Physics

Spin-Cavity Computing

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Science  16 Nov 2012:
Vol. 338, Issue 6109, pp. 864
DOI: 10.1126/science.338.6109.864-b

Today's (very rudimentary) quantum computers come in different guises, each with their own set of pros and cons. A growing trend has been to put two different technologies together in hybrid architectures in order to have the best of both worlds. One of the aims of such initiatives is to realize long-distance coupling between spin qubits (quantum bits based on electron spins) in quantum dots (zero-dimensional semiconductor nanostructures that allow controlled coupling of one or more electrons) via interactions with a superconducting microwave cavity. Petersson et al. made progress toward that goal by coupling a double quantum dot in an InSb nanowire to the electric field of a cavity, taking advantage of the strong spin-orbit interaction of InSb. The coupling was demonstrated by using a pulse sequence to electrically control the spin state, which was then read out in the phase response of the cavity. The estimated spin-cavity coupling is still shy of the strong limit required for two distant spin qubits to communicate; however, it is expected that improving the quality of the cavity and the coherence of the qubit, and/or using a material with stronger spin-orbit interactions, will bring physicists closer to that goal.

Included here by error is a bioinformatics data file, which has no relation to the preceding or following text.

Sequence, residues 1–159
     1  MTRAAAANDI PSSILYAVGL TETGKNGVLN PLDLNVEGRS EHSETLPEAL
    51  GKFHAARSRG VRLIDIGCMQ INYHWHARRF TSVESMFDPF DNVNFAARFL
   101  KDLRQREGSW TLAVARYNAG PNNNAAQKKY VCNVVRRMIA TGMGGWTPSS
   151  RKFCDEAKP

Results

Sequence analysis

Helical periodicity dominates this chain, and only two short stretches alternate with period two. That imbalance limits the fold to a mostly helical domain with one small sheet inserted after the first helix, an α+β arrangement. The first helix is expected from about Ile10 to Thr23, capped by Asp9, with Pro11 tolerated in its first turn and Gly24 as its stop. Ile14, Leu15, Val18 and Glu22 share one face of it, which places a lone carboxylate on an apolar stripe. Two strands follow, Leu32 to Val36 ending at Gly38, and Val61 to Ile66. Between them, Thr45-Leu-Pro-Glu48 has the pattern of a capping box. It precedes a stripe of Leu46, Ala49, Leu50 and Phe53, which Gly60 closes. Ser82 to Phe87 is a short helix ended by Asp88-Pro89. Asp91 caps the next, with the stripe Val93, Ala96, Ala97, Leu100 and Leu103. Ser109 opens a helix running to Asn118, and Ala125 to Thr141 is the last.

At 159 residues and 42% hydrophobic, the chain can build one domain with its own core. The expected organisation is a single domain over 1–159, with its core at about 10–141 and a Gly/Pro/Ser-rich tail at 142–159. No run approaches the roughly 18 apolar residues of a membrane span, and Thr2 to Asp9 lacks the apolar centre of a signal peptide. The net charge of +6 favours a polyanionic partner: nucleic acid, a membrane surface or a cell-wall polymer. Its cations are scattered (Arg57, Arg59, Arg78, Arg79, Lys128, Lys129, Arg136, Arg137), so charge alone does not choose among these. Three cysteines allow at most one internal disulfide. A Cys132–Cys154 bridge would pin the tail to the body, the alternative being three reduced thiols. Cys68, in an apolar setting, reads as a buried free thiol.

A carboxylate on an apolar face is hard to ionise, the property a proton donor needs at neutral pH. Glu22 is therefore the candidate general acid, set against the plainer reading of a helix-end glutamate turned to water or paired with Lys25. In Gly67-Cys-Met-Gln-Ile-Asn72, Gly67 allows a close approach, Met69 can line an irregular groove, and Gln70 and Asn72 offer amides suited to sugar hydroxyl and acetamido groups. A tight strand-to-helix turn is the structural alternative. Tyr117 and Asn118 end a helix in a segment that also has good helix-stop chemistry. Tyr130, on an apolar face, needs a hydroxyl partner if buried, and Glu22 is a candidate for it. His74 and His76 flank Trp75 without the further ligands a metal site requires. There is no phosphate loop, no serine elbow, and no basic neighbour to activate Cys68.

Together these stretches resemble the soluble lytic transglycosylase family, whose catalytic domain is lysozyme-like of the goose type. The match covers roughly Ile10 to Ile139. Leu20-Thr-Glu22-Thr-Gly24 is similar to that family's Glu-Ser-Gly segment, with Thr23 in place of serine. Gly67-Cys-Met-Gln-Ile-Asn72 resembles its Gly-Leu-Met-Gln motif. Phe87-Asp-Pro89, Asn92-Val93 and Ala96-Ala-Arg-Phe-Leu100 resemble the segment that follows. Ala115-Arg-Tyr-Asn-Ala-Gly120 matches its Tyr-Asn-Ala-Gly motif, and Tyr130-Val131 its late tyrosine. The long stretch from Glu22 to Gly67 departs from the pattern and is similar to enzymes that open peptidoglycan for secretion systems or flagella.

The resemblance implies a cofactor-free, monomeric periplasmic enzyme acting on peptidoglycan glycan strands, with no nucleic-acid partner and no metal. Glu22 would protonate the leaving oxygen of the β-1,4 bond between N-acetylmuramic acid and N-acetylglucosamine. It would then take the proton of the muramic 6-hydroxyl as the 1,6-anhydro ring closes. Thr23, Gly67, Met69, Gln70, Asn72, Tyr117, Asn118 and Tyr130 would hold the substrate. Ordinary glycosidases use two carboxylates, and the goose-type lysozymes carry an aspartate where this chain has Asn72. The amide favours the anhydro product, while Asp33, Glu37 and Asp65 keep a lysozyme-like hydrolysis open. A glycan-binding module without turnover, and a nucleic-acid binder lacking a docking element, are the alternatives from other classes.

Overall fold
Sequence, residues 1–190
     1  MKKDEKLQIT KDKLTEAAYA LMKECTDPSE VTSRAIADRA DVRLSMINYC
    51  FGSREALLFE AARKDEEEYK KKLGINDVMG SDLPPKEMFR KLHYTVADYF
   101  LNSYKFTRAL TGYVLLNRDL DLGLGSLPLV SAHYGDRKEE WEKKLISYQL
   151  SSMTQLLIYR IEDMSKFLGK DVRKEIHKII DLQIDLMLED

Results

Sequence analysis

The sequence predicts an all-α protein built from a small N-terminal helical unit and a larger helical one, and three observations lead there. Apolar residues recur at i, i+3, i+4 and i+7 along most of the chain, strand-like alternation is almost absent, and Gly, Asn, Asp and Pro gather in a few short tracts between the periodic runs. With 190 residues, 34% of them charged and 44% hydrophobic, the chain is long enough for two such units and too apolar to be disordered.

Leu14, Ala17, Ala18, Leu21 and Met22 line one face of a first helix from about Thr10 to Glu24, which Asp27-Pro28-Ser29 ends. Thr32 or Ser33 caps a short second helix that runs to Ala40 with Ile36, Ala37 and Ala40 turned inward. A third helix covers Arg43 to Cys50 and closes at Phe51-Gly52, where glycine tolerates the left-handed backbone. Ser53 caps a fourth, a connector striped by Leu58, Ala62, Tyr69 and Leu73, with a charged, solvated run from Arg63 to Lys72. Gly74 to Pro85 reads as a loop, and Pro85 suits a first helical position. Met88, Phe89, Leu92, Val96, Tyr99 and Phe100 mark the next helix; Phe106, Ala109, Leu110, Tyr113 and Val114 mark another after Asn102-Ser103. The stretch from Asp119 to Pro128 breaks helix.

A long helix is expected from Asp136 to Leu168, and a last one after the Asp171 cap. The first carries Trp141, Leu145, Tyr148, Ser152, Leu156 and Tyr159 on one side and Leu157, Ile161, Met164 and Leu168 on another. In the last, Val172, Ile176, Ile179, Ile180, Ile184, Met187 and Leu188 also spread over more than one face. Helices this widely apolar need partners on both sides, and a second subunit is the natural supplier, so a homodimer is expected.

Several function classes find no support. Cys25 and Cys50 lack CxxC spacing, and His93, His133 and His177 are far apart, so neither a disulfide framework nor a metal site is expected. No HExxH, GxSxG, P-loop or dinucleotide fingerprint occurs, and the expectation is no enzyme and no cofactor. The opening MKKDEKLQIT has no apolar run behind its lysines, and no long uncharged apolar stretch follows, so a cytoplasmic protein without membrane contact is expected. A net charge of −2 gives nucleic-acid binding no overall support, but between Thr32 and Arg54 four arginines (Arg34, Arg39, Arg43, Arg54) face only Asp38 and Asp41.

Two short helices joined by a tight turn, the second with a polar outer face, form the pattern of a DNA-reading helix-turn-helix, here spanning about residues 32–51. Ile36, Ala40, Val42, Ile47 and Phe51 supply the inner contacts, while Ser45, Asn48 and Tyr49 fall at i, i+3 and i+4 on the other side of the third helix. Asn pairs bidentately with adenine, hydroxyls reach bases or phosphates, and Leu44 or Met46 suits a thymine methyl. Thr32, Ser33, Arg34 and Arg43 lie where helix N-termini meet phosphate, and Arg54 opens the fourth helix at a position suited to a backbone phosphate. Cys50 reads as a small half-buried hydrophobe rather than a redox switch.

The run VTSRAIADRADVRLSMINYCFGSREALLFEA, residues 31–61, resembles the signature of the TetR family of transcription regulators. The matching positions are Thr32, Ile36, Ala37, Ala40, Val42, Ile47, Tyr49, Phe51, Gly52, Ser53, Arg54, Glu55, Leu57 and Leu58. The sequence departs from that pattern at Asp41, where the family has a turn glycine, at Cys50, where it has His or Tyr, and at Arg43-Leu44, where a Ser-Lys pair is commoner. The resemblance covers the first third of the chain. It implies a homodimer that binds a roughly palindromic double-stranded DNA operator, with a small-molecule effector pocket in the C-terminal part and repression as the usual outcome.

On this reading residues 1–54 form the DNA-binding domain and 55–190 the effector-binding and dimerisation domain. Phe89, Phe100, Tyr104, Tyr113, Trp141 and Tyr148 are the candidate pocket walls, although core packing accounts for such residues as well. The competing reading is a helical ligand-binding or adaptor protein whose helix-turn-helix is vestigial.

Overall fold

Nature 490, 380 (2012).

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